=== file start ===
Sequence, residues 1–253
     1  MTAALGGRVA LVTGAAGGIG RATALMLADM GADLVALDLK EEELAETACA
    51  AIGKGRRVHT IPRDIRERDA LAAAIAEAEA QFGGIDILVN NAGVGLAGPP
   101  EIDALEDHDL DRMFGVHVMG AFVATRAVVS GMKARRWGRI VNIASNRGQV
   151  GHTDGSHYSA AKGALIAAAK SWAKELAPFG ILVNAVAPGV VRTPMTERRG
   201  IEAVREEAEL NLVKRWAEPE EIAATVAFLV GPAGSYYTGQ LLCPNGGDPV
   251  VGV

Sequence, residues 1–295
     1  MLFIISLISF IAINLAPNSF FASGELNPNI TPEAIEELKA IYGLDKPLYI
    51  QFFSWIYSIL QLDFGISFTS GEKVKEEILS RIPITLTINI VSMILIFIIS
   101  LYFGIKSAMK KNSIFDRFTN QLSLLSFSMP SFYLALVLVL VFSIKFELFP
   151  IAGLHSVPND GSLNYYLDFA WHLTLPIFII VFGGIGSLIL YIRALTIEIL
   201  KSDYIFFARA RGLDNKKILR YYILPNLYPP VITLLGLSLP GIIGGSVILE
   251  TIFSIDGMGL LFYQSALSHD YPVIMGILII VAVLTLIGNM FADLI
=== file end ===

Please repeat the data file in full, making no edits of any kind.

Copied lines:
Sequence, residues 1–253
     1  MTAALGGRVA LVTGAAGGIG RATALMLADM GADLVALDLK EEELAETACA
    51  AIGKGRRVHT IPRDIRERDA LAAAIAEAEA QFGGIDILVN NAGVGLAGPP
   101  EIDALEDHDL DRMFGVHVMG AFVATRAVVS GMKARRWGRI VNIASNRGQV
   151  GHTDGSHYSA AKGALIAAAK SWAKELAPFG ILVNAVAPGV VRTPMTERRG
   201  IEAVREEAEL NLVKRWAEPE EIAATVAFLV GPAGSYYTGQ LLCPNGGDPV
   251  VGV

Sequence, residues 1–295
     1  MLFIISLISF IAINLAPNSF FASGELNPNI TPEAIEELKA IYGLDKPLYI
    51  QFFSWIYSIL QLDFGISFTS GEKVKEEILS RIPITLTINI VSMILIFIIS
   101  LYFGIKSAMK KNSIFDRFTN QLSLLSFSMP SFYLALVLVL VFSIKFELFP
   151  IAGLHSVPND GSLNYYLDFA WHLTLPIFII VFGGIGSLIL YIRALTIEIL
   201  KSDYIFFARA RGLDNKKILR YYILPNLYPP VITLLGLSLP GIIGGSVILE
   251  TIFSIDGMGL LFYQSALSHD YPVIMGILII VAVLTLIGNM FADLI